Steve Lightfoot on running Netflix’s The Punisher

netflix the punisher steve lightfoot

After a disappointing run with Iron Fist, Netflix’s Marvel arm is back with a vengeance in the form of The Punisher. The anti-hero’s debut in Daredevil season 2 (2016) portrayed a deeply haunted character, one coping with extreme grief and loss in the only way he knew how. While things appeared to wrap up at the season’s conclusion, things are never as they seem in the Marvel universe. With an entire season to himself, Punisher seeks to poke and prod at Frank Castle’s inner turmoil, all the while peeling back the layers of conspiracy behind his family’s massacre.

Leading the charge is British showrunner Steve Lightfoot, a high-profile producer and writer who is best known for NBC’s Hannibal (2013). His professed love for Westerns make him a perfect fit for the star vigilante, though there’s certainly going to be more here than just dead bodies and smoking guns. We caught up with him to get some brief thoughts on the show and production.

With Frank Castle a returning war veteran, is PTSD something you’re looking to explore in The Punisher?

Steve Lightfoot: I think it’s a factor. I mean, at the end of the day the show is meant to be entertainment with a fictional story. I think you can touch on those things without, you know, it’s not a driving force in the show. We never explicitly state it, but you could say that everything that is happening to Frank is driven by that. We never explicitly state in the show that Frank has PTSD because that’s not what we’re here to do, but I do think that certainly is a factor for soldiers coming back. It’s in the background of the show.

Coming on as showrunner, did you have any prior experience with the IP?

I’ve seen all the movies, starting with the Dolph Lundgren version (The Punisher, 1989) when I was a kid – I must have been 14. I remember seeing them all and a couple of issues of the comics, but I had to go back and immerse myself in the books again and sort of went and read all the books once I was involved in the show.

Did Marvel have any directive from above with regards to where you were taking the series?

It certainly wasn’t a case where they said, ‘Oh we want to do this story from this set of books.’ I think they have done that with some of the other series – I don’t know that material well. But no, they very much were happy for a story that’s original. We have homages to certain issues and things that happen in the books, but they didn’t say, ‘Oh you must do this story.’

You mentioned that you took ‘70s Western movies as a source of inspiration. What similarities would you say are there in the show, aside from the whole anti-hero angle?

It was just that very gritty, hard-boiled ‘70s vibe and I feel like the world’s in a sort of similar place. There’s lots of upheaval and turmoil, and I think shows, movies, and books always sort of reflect their times. It felt natural to go back to those, and also I just love the style of those movies back then, whether it’s Clint Eastwood’s Westerns or things like Point Blank (1967).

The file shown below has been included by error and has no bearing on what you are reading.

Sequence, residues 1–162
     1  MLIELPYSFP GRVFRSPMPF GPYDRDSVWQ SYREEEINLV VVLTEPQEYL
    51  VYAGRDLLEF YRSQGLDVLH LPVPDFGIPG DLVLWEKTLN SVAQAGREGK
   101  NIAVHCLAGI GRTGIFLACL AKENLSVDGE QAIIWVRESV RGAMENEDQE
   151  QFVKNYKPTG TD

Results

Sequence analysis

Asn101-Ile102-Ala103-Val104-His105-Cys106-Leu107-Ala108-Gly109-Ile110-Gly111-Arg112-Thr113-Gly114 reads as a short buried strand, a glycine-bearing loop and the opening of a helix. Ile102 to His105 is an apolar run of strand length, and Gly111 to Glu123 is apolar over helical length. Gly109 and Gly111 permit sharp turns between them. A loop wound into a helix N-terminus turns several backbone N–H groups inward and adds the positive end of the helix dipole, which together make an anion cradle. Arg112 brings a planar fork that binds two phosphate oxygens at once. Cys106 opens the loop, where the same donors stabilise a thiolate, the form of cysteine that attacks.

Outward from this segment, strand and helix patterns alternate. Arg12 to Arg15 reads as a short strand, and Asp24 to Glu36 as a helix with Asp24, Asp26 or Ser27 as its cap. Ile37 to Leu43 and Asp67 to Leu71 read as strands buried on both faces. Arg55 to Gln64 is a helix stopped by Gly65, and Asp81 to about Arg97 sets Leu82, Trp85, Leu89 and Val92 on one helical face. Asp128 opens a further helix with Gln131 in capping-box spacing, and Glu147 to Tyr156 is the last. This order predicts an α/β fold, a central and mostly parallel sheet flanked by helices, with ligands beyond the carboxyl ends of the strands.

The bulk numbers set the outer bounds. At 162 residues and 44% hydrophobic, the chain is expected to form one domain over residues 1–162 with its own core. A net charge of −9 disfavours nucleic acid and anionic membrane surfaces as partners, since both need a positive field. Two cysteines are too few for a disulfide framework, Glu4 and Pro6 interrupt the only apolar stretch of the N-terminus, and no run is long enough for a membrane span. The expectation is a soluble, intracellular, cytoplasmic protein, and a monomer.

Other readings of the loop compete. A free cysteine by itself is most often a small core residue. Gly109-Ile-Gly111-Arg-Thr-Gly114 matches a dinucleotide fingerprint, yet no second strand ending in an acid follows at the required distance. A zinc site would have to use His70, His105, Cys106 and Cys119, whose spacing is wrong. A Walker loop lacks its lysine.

So how was it getting to shoot on-location in New York?

I loved it! I’ve only ever been to New York as a tourist before, so it was great to go and spend a lot of time there and being around it. It’s just such a cinematic city; you’re always in places you feel like you’ve been before, and then you realize: ‘Actually, I’ve just seen it in a bunch of movies.’

So, the diner in Episode 2 is actually now known as the ‘Goodfellas Diner’ because it’s where they shot the diner scenes back in the ‘90s. It was kind of great being able to soak New York up, and the crew and everyone working there are excellent. So often now you film in a place and pretend it’s somewhere else…if you want the Statue of Liberty or the Empire State Building in every shot, you can do it.

Do you have any notable moments working with the cast?

Oh, they were great, they’re really good actors. We already have Jon [Bernthal], obviously, and he was fantastic in the part — he’s such a great collaborative partner to work with. And then everyone else, you know, we cast the best person in the audition. They all did brilliantly in the show and it was a pretty happy experience.

Netflix has changed the industry in that we can now watch an entire season back-to-back. How would you say that has changed discussions around TV shows?

This is going to be my first one out there so, in a way, I’m about to find out. I think when you have a show on Netflix it’s a bit more like releasing a movie, so much of the conversations are about that first weekend.

What’s kind of interesting is that you’re going to get feedback on the whole season at once, which I’m excited about. I hope people like it.

Thank you for your time.

Catch all 13 episodes of The Punisher on Netflix, available now.

Ade Putra

Ade thinks there's nothing quite like a good game and a snug headcrab. He grew up with HIDEO KOJIMA's Metal Gear Solid, lives for RPGs, and is waiting for light guns to make their comeback.